The purpose of this study is to determine more precisely the Lawson criterion for fusion reactors on the base of D-3He fuel viewed as the immediate competitor to D-Т fuel. The major advantage of a D-3He reactor, as compared with a D-T reactor, is its low level of the neutron flux from plasma with which the lifetime of the reactor first wall is expected to reach 30 to 40 years (Khvesyuk and Chirkov 2000; Ryzhkov and Chirkov 2017). The D-3He fuel cycle is characterized, however, by much higher Lawson criterion values. We shall remind that, as of the late 1950s, the Lawson criterion was neτ = 1014 cm-3·s (Т = 17 keV) for equimolar D-Т fuel, and neτ = 1015 cm-3·s (Т = 87 keV) for equimolar D-3He fuel (Shirokov and Yudin 1980), as more current estimates are as follows (Basko 2007): neτ = 1.6·1014 cm-3·s (Т = 26 keV) for D-Т fuel; neτ = 8.1·1014 cm-3·s (Т = 105 keV) for D-3He fuel. The differences that have occurred are associated to a large extent with determining more accurately the temperature dependence of the reaction reactivity. The paper will present the results of calculating the temperature dependence of the D + 3He → p + 4He reaction reactivity based on the parametrization of its astrophysical factor in the framework of the effective radius approximation (Bethe 1949; Barit and Sergeev 1969; Landau and Lifshitz 1977; Karnakov et al. 1991), and a comparison will be provided against three most common parametrizations of value ⟨σν⟩. Three options will be considered for the D-3He fuel cycle (Khvesyuk and Chirkov 2000; Stott 2005):

  • a fully catalyzed D-D cycle in which the generated tritium and 3He are fully used as secondary fuel;
  • a non-catalyzed D-D cycle when intermediate 3He and T are removed after they give up most of their thermonuclear kinetic energy for plasma heating but prior to further combustion with deuterium;
  • 3He self-supply mode.

Parametrization of the astrophysical factor and temperature dependence of the D + 3He → p + 4He reaction reactivity in different approaches

Since the 1950s, multiple experimental and theoretical studies have been undertaken on the fusion cross-sections and thermal reactivities (see the overview in Bosch and Hale 1992). Different parametrizations were developed for the reaction cross-sections and reactivities (Kozlov 1962; Fowler et al. 1967; Peres 1979; Caughlan and Fowler 1988; Belov and Kalitkin 2017; Godes et al. 2019), the differences in which are associated both with their methodological basis and the fact that they were created at different times and were based so on varying experimental material. As applied to the D + 3He → p + 4He reaction, the developed parametrizations, which are resonant in the low-energy region, can be divided into two groups:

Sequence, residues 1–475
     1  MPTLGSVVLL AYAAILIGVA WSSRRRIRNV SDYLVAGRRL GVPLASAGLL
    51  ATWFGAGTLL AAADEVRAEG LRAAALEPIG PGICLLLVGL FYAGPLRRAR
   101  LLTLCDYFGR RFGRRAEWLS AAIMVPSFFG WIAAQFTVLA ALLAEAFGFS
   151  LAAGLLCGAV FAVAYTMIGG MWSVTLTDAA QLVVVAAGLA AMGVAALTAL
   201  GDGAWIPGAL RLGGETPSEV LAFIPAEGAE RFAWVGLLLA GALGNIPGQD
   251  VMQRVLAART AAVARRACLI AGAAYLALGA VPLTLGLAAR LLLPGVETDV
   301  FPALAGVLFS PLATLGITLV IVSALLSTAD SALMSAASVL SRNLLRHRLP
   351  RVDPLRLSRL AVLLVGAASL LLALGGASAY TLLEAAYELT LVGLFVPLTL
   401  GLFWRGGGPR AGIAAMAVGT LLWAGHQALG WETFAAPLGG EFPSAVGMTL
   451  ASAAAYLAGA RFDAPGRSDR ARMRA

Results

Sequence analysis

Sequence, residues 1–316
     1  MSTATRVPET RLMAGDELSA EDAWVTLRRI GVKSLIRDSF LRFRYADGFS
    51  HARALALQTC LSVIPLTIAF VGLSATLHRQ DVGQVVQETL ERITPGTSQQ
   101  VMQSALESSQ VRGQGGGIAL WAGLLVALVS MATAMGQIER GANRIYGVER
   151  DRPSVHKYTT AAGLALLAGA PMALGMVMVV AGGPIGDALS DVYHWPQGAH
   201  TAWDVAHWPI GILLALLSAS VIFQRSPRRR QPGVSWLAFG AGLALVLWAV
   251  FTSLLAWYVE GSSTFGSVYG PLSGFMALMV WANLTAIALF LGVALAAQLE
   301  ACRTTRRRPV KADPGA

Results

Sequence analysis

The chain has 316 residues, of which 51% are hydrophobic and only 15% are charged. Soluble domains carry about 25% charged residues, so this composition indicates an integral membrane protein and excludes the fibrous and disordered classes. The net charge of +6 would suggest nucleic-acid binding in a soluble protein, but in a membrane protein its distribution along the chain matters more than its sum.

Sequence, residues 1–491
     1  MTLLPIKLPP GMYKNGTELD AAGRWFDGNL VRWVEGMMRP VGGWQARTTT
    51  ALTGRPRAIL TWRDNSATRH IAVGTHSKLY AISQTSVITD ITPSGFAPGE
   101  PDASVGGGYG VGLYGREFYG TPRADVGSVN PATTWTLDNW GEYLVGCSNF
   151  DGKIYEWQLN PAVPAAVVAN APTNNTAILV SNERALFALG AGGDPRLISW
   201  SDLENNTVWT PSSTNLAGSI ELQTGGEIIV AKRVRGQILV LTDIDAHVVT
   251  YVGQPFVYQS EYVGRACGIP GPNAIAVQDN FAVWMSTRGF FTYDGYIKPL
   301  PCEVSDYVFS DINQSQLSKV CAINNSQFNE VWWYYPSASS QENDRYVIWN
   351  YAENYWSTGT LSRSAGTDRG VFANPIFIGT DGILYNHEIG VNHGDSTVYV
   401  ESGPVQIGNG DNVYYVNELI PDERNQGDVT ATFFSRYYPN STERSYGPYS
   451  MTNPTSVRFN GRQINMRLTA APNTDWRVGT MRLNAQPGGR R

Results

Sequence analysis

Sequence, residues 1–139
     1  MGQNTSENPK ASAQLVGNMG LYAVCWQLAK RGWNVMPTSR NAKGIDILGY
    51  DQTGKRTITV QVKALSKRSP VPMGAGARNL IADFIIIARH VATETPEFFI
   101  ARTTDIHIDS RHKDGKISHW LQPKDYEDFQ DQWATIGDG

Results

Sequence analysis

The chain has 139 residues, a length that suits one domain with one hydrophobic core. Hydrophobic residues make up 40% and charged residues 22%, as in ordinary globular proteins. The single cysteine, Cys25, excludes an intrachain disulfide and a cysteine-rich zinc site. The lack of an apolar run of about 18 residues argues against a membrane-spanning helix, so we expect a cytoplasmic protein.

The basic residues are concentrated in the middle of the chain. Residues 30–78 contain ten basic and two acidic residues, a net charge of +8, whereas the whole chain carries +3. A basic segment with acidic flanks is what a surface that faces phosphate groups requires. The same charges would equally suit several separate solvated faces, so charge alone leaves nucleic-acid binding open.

Group 1

Parametrizations based on physical models and approximations, including:

  • the R-matrix Wigner theory that formed the basis for the parametrizations of cross-sections and rates for the key thermonuclear reactions in Bosch and Hale 1992;
  • the Breit-Wigner approximation used in Kozlov 1962; Fowler et al. 1967; Caughlan and Fowler 1988;
  • a model-free approach – the effective radius approximation (ERA) (Barit and Sergeev 1969; Karnakov et al. 1991);
  • the resonance coupled channel model (Godes et al. 2019).

The advantage of these parametrizations is their immediate physical meaning, correct threshold behavior, use of few adjustable parameters, and possibility for being practically employed in other fields of physics, e.g., in nuclear spectroscopy, and the disadvantage is a limited applicability area.

Group 2

Parametrizations based on mathematical methods for approximation of experimental data, including:

  • a Padé approximation of the reaction cross-section and rate with the correct threshold behavior (Peres 1979) used further in Bosch and Hale 1992;
  • the regularized double period method (Belov and Kalitkin 2017), in which regularization by the A.N. Tikhonov stabilizer is used to exclude nonphysical oscillations of an approximating trigonometric series caused by major errors in experimental points.

Both methods are suitable for solving a specialized problem, that is, to determine the temperature dependence of the reaction reactivities but are unfit for addressing other problems. Besides, the double period method requires a large number of experimental points which is problematic in the event of the reaction of interest since the consideration includes studies with an insufficiently defined methodological framework (see the discussion in (Moller and Besenbaher 1980; Krauss et al. 1987; Bosch and Hale 1992; Geist et al. 1999).

The results of this study will be compared with data from the most common of the current parametrizations (Kozlov 1962; Caughlan and Fowler 1988; Bosch and Hale 1992) and NACRE II (Xua et al. 2013).